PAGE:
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RFU reveals Twickenham 'masterplan' after rejecting Wembley switch

By PA
Twickenham/ PA

The Rugby Football Union is aiming to begin renovations of Twickenham in 2027 after rejecting a proposal to make Wembley the new home of English rugby.

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Buying a 50 per cent share in Wembley from the Football Association was considered by the RFU’s board in March last year before the idea was discounted without a formal approach to the FA being made.

“The RFU is focussed on continuing to develop Twickenham,” an RFU statement read.

“Previous considerations looking at the viability of moving to alternative sites have been rejected. We do not anticipate major stadium works starting before 2027.”

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A 69-page document titled ‘Twickenham Stadium Masterplan Programme’, elements of which have been published in the media, outlines a £663million revamp of the ground that has been England’s home since it was built in 1909.

The report states that a renovation of that size is unaffordable but essential works could be completed for a cost in the region of £300million, which would still require a loan.

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Beginning the overhaul between the 2027 and 2028 Six Nations would minimise disruption due to the absence of an autumn schedule at Twickenham in a World Cup year.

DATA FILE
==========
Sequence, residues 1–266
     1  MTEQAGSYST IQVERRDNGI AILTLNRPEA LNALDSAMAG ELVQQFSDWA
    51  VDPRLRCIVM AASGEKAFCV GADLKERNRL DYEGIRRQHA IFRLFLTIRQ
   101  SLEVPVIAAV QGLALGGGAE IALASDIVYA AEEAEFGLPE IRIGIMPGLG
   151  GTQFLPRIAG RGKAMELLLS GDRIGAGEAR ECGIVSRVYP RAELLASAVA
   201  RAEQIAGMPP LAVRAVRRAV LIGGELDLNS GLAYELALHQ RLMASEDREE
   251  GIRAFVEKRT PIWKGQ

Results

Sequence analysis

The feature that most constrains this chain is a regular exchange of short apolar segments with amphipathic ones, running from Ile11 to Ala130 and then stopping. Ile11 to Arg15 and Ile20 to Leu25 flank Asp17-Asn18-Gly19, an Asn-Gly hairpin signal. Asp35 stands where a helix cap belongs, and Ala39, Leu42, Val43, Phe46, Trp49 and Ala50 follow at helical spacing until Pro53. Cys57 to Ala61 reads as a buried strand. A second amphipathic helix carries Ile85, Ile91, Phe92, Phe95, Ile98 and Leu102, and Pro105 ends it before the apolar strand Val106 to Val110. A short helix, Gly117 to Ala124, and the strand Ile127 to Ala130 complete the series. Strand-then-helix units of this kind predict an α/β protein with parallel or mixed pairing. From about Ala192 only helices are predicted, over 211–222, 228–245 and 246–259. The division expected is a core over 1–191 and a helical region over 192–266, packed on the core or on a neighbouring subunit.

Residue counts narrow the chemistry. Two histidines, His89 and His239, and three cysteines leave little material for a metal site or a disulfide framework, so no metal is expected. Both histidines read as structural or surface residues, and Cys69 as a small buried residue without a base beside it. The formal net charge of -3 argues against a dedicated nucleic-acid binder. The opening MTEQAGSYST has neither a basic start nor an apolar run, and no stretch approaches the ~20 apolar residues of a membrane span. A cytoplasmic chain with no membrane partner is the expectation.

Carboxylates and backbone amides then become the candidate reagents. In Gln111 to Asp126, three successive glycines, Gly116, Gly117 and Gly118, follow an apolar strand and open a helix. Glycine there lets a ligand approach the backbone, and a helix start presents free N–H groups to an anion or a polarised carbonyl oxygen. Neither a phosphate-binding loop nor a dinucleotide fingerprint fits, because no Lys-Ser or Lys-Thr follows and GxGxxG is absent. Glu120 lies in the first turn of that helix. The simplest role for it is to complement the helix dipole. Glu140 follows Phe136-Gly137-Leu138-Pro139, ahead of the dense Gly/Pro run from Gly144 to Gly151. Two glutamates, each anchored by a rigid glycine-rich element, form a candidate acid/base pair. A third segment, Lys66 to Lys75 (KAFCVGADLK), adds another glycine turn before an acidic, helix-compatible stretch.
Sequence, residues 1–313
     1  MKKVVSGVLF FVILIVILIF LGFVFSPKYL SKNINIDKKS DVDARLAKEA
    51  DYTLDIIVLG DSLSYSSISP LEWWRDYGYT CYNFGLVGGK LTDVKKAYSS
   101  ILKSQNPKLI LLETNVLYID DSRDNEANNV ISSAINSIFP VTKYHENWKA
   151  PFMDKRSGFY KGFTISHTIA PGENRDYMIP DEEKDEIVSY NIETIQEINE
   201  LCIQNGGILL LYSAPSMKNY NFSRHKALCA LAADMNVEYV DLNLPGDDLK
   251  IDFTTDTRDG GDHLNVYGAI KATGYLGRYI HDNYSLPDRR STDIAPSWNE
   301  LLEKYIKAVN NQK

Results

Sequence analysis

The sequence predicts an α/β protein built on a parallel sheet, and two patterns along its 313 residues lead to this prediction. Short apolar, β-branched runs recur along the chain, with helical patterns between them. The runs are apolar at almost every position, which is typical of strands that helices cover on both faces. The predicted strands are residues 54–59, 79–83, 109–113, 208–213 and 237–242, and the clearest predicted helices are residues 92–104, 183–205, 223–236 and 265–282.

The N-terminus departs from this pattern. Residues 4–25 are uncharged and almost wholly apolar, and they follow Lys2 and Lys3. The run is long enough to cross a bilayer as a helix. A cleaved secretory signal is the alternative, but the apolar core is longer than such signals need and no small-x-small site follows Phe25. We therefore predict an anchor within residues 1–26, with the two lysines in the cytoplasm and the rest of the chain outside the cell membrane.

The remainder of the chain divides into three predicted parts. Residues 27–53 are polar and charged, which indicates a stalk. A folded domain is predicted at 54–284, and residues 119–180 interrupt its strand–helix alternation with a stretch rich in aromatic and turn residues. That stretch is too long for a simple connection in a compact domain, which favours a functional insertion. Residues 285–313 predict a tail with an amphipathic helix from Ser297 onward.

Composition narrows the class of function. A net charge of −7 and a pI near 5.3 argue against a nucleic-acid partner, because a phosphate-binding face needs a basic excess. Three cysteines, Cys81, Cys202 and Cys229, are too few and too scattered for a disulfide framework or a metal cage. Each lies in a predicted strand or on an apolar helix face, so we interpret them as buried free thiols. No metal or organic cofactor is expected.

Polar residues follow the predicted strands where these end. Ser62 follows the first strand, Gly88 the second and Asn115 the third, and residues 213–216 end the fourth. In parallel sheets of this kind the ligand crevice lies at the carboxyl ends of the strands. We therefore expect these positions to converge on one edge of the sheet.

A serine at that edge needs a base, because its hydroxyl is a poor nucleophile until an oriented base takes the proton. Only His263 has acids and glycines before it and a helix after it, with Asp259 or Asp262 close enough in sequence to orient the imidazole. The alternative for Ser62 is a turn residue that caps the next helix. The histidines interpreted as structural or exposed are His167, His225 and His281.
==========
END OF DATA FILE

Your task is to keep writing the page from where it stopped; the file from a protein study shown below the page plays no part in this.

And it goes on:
“Our long-term masterplan for Twickenham is being developed to ensure England’s national rugby stadium stays up to date, is compliant with all relevant regulations, provides the best possible experiences for fans and continues to generate revenue for reinvestment into the community and professional game,” the RFU statement said.

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“Work will be undertaken over the next 12 months to consider next stage designs and assess what interventions might take place and when within the existing stadium footprint over the next 10 years.

“The RFU board has not agreed any new re-development plans. However, as you would expect all options will be thoroughly considered as part of a long-term strategy.

“As plans are further developed, the RFU board and council will be fully consulted and engaged in the due diligence and approval process, this would include any potential funding sources.

“As per the RFU constitution, if borrowing of over £150m was needed, council members’ views and approval would be required.”

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